Two main uses of consciousness can be distinguished (OED, 1971): (1) the ethical or social usage, applied to individuals (moral consciousness or knowledge or own misdemeanours) or groups (shared knowledge): it is the oldest use, stemming from the original Latin term and, by extension, it has led to other uses (consciousness of class, political consciousness, consciousness-raising); (2) the psychological usage, individual, also with two senses: on the one hand, consciousness as the faculty or state of being conscious of something, which is a necessary condition to any cognition, feeling or volition; on the other hand, the state of being conscious, condition of normal wakefulness. The former, derived from the modern conception of consciousness originated in 17th century with Descartes and Locke, implies a transitive or intentional component (consciousness of) and also allows for new facets of consciousness (self-consciousness, consciousness of self, qualia) to be studied separately. …

The rest of this article is only available to active members of Questia

Already a member? Log in now.

Notes for this article

Add a new note
If you are trying to select text to create highlights or citations, remember that you must now click or tap on the first word, and then click or tap on the last word.
One moment ...
Default project is now your active project.
Project items
Notes
Cite this article

Cited article

Style
Citations are available only to our active members.
Buy instant access to cite pages or passages in MLA 8, MLA 7, APA and Chicago citation styles.

(Einhorn, 1992, p. 25)

(Einhorn 25)

(Einhorn 25)

1. Lois J. Einhorn, Abraham Lincoln, the Orator: Penetrating the Lincoln Legend (Westport, CT: Greenwood Press, 1992), 25, http://www.questia.com/read/27419298.

Note: primary sources have slightly different requirements for citation. Please see these guidelines for more information.

Cited article

Consciousness Disorders in Schizophrenia: A Forgotten Land for Psychopathology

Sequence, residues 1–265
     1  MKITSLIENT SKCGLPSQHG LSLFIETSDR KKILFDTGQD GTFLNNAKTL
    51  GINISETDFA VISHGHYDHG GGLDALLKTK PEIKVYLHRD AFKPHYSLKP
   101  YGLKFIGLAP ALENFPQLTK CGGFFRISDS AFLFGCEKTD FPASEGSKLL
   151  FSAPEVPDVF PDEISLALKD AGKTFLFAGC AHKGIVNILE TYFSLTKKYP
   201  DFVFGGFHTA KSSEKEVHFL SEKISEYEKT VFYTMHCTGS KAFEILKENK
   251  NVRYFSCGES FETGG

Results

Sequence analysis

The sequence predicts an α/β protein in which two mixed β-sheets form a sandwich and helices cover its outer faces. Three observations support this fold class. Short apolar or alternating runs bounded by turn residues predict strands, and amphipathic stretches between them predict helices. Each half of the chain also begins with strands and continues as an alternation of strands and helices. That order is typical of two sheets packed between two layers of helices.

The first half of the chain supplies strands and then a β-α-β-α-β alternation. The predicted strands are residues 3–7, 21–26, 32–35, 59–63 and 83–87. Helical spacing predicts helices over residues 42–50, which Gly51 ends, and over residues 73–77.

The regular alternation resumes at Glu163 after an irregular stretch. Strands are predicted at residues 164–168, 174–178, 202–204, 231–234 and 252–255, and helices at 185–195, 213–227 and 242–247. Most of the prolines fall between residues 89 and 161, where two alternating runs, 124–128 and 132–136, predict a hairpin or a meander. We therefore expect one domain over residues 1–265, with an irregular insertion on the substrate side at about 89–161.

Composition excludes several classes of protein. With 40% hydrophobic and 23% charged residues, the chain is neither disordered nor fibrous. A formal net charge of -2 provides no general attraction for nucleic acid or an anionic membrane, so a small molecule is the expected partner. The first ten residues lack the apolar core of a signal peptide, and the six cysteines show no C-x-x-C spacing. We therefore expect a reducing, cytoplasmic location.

Settings

Settings

Typeface
Text size Smaller Larger Reset View mode
Search within

Search within this article

Look up

Look up a word

  • Dictionary
  • Thesaurus
Please submit a word or phrase above.
Print this page

Print this page

Why can't I print more than one page at a time?

Help
Full screen
Items saved from this article
  • Highlights & Notes
  • Citations
Some of your highlights are legacy items.

Highlights saved before July 30, 2012 will not be displayed on their respective source pages.

You can easily re-create the highlights by opening the book page or article, selecting the text, and clicking “Highlight.”

matching results for page

    Questia reader help

    How to highlight and cite specific passages

    1. Click or tap the first word you want to select.
    2. Click or tap the last word you want to select, and you’ll see everything in between get selected.
    3. You’ll then get a menu of options like creating a highlight or a citation from that passage of text.

    OK, got it!

    Cited passage

    Style
    Citations are available only to our active members.
    Buy instant access to cite pages or passages in MLA 8, MLA 7, APA and Chicago citation styles.

    "Portraying himself as an honest, ordinary person helped Lincoln identify with his audiences." (Einhorn, 1992, p. 25).

    "Portraying himself as an honest, ordinary person helped Lincoln identify with his audiences." (Einhorn 25)

    "Portraying himself as an honest, ordinary person helped Lincoln identify with his audiences." (Einhorn 25)

    "Portraying himself as an honest, ordinary person helped Lincoln identify with his audiences."1

    1. Lois J. Einhorn, Abraham Lincoln, the Orator: Penetrating the Lincoln Legend (Westport, CT: Greenwood Press, 1992), 25, http://www.questia.com/read/27419298.

    Cited passage

    Thanks for trying Questia!

    Please continue trying out our research tools, but please note, full functionality is available only to our active members.

    Your work will be lost once you leave this Web page.

    Buy instant access to save your work.

    Already a member? Log in now.

    Search by... Author
    Show... All Results Primary Sources Peer-reviewed

    Oops!

    An unknown error has occurred. Please click the button below to reload the page. If the problem persists, please try again in a little while.